1. Church9832
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    Church9832 New Member

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    When copying other works

    Discussion in 'General Writing' started by Church9832, Jun 8, 2012.

    My MAIN problem with script writing is copying other peoples works.
    Somehow when I write there are specific parts where its almost exactly the same.

    How do you guys avoid doing this?
    I've heard that most things are not completely original but what my production company looks for is works that do not mimic other works.

    Thanks in advance :)
     
  2. mammamaia
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    mammamaia nit-picker-in-chief Contributor

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    i've never had that problem, so don't have to avoid doing it...

    what 'parts' are you referring to?... can you give me some examples?

    and do you mean writing screenplays?... or theatrical play scripts?

    do you own/run your own production company, or are you a 'studio hack' for a film producer?
     
  3. minstrel
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    minstrel Leader of the Insquirrelgency Staff Supporter Contributor

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    Sounds to me like you're very easily influenced, and, as a student, that might be just because you're young.

    But being easily influenced isn't necessarily a bad thing. I mean, it can be if you're only influenced by other movies in the genre you work in - it would be hard not to copy in that situation. But I'm reminded of writers like Hemingway, who based so much of his work on experiences from his own life. That works if you've had a lot of interesting experiences. If not, allow yourself to be influenced by magazines and newspapers. Often, you'll see stories in these periodicals in which you might say truth is stranger than fiction. Base your stories on those articles. Don't copy them, but fictionalize them - ask yourself "what if?" questions. What if B had happened instead of A?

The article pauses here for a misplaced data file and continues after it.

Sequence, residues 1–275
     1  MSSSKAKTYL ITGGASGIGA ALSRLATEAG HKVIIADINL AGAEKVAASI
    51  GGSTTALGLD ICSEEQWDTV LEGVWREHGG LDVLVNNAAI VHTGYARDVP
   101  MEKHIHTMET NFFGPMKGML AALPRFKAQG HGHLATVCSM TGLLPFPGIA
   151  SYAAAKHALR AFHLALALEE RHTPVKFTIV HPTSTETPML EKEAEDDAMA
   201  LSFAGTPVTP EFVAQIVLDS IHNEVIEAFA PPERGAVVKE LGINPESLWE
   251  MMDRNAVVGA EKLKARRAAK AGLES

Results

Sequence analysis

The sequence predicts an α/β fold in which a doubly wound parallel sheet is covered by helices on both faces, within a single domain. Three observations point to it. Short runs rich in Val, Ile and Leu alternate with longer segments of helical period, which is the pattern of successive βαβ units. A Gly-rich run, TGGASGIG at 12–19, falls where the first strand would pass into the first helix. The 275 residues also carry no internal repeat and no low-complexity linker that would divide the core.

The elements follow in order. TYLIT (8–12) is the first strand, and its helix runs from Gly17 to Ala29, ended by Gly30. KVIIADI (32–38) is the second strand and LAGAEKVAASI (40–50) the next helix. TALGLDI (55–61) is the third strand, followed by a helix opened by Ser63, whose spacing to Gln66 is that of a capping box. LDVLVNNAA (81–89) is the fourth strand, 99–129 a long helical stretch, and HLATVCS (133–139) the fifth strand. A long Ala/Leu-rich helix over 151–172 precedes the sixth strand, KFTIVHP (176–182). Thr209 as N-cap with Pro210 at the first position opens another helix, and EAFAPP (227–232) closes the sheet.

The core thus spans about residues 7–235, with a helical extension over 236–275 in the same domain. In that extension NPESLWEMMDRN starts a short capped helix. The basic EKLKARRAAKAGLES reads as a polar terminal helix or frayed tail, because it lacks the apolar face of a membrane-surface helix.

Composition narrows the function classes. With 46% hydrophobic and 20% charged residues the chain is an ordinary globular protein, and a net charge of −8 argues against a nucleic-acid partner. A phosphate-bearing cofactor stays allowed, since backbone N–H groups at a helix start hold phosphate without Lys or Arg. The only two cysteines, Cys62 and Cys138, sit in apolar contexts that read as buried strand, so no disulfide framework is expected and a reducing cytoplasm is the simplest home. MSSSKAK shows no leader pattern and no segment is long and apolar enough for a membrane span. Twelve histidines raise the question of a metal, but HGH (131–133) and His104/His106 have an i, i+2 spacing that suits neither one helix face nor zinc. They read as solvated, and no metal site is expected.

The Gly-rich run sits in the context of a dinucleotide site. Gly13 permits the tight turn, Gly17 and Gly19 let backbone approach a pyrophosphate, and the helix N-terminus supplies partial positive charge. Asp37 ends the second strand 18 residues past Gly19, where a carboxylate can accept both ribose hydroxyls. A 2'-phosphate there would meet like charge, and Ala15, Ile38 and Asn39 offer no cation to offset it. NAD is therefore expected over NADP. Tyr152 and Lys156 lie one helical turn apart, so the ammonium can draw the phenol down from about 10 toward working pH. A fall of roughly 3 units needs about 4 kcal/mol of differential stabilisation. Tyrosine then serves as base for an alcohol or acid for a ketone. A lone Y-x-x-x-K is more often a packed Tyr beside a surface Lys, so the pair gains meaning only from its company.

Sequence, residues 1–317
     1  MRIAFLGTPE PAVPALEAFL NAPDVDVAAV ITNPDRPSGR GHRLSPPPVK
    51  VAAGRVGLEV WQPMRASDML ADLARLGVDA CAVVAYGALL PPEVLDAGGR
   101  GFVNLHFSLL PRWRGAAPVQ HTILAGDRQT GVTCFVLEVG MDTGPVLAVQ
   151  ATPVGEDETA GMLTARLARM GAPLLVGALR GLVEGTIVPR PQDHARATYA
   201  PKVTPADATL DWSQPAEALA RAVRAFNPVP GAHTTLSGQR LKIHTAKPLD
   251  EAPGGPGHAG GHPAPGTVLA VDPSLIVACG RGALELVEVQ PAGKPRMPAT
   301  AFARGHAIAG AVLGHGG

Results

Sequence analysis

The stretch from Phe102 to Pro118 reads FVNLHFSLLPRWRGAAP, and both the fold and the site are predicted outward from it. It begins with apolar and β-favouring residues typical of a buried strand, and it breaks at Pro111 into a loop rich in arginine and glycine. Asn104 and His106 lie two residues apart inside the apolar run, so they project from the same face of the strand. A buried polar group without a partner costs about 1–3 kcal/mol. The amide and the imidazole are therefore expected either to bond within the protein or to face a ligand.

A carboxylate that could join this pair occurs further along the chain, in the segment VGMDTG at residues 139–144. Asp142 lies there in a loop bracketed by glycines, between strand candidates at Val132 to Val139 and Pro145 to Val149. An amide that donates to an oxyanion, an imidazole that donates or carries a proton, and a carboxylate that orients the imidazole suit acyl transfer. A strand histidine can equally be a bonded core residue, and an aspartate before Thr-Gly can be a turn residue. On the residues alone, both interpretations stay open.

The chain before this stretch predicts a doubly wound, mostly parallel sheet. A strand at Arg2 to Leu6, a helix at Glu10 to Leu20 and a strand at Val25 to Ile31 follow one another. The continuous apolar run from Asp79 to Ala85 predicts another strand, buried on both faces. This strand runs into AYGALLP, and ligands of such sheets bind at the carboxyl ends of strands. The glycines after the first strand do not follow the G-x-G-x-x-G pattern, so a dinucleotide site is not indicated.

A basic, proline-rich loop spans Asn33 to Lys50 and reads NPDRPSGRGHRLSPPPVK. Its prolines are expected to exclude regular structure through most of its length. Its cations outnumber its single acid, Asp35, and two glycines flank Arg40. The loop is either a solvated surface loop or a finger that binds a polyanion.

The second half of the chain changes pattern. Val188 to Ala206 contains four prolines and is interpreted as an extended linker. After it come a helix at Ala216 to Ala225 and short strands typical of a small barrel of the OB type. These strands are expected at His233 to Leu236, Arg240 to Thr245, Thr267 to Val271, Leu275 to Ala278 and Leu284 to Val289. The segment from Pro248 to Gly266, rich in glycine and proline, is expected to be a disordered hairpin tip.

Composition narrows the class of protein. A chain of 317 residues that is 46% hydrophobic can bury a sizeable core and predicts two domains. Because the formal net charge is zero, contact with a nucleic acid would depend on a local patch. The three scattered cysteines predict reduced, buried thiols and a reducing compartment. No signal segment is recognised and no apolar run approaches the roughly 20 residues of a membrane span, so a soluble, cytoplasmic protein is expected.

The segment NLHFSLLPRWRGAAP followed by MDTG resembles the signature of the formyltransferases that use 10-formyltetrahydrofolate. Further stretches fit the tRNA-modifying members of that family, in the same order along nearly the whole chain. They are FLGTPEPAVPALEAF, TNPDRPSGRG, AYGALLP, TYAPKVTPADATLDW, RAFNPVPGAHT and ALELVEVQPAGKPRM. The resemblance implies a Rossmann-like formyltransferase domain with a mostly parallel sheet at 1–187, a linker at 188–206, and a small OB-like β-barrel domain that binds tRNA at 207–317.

If you find your inspiration in nonfiction, you are far less likely to look like you're imitating someone else's script.
     
  4. Cogito
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    Cogito Former Mod, Retired Supporter Contributor

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    Your best defense against too closely mimicking someone else's work is to broaden your reading/viewing. The more you view and read a wide range of works, the more influences you will tap into, and each will have a smaller proportional presence in the whole of your work.
     
  5. peachalulu
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    peachalulu Contributing Member Reviewer Contributor

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    I've done this before especially when watching a lot of movies when I'm writing , and or , picturing my characters not as themselves but rather as a thinly disguised versions of Robert Deniro , or Richard Burton. Suddenly, the character evaporates and I'm left with a lot of copied soundbites. I finally made a list of movies and scenes I love, and began to dissect them to find out why I admired them so much. This can actually help pinpoint the problem. You might find that you're nervous about using your own ideas and plot twists and relying on things that have already been tried , tested and liked.
     
  6. Church9832
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    Church9832 New Member

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    Thank you all for your advice!
    I'm now applying this by reading alot of books! It's helping me figure out more original characters and storylines :)

    I guess my problem was that I drew too much on films and not on books. Books are so much better for the imagination as films already give you a clear picture not allowing you to make your own (IMO).

    Thanks again :)
     
  7. Tattat44
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    Tattat44 Member

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    “Bad artists copy. Good artists steal.”

    -Pablo Picasso
     

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